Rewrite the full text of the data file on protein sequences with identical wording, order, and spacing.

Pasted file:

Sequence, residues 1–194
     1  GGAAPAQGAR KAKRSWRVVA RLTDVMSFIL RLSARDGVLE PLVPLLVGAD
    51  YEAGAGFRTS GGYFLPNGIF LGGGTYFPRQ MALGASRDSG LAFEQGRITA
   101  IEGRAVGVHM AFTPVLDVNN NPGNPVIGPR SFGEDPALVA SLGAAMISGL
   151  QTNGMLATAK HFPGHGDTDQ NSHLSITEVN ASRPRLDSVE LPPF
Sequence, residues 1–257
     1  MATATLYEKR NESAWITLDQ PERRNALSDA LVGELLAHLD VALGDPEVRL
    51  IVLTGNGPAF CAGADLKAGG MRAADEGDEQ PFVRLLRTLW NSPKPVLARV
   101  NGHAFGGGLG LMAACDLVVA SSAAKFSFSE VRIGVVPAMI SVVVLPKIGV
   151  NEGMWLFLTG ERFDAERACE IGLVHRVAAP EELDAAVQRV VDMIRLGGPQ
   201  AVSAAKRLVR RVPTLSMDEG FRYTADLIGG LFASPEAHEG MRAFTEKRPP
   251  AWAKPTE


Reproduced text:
Sequence, residues 1–194
     1  GGAAPAQGAR KAKRSWRVVA RLTDVMSFIL RLSARDGVLE PLVPLLVGAD
    51  YEAGAGFRTS GGYFLPNGIF LGGGTYFPRQ MALGASRDSG LAFEQGRITA
   101  IEGRAVGVHM AFTPVLDVNN NPGNPVIGPR SFGEDPALVA SLGAAMISGL
   151  QTNGMLATAK HFPGHGDTDQ NSHLSITEVN ASRPRLDSVE LPPF
Sequence, residues 1–257
     1  MATATLYEKR NESAWITLDQ PERRNALSDA LVGELLAHLD VALGDPEVRL
    51  IVLTGNGPAF CAGADLKAGG MRAADEGDEQ PFVRLLRTLW NSPKPVLARV
   101  NGHAFGGGLG LMAACDLVVA SSAAKFSFSE VRIGVVPAMI SVVVLPKIGV
   151  NEGMWLFLTG ERFDAERACE IGLVHRVAAP EELDAAVQRV VDMIRLGGPQ
   201  AVSAAKRLVR RVPTLSMDEG FRYTADLIGG LFASPEAHEG MRAFTEKRPP
   251  AWAKPTE